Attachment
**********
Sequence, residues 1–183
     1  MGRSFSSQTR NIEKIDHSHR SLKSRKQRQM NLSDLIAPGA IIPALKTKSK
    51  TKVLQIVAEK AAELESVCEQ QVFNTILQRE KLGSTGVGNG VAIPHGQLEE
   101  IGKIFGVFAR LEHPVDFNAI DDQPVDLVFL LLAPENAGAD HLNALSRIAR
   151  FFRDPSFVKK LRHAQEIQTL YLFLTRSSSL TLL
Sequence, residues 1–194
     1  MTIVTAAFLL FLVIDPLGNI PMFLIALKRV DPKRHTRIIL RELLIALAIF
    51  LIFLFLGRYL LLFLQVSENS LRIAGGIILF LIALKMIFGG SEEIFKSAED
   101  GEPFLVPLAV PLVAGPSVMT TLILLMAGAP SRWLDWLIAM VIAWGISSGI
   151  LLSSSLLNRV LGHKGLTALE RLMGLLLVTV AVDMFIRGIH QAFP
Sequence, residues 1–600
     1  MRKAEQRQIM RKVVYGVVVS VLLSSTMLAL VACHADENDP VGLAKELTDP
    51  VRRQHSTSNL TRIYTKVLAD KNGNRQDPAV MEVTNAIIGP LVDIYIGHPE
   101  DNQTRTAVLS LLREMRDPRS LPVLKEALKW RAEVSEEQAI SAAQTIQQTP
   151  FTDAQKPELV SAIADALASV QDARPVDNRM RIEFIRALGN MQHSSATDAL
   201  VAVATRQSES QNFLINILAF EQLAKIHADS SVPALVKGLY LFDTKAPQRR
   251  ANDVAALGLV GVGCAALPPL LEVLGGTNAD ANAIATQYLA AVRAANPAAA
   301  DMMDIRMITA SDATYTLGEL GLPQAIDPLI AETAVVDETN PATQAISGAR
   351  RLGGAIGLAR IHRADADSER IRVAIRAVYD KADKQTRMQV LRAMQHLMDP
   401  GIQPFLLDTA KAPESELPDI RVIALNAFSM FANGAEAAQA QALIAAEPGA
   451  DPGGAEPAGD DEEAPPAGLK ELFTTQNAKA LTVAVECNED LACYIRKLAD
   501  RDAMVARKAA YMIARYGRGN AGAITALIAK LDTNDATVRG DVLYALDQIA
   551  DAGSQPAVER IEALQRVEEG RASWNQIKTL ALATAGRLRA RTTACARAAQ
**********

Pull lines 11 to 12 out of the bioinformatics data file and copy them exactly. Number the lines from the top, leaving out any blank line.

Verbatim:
Sequence, residues 1–600
     1  MRKAEQRQIM RKVVYGVVVS VLLSSTMLAL VACHADENDP VGLAKELTDP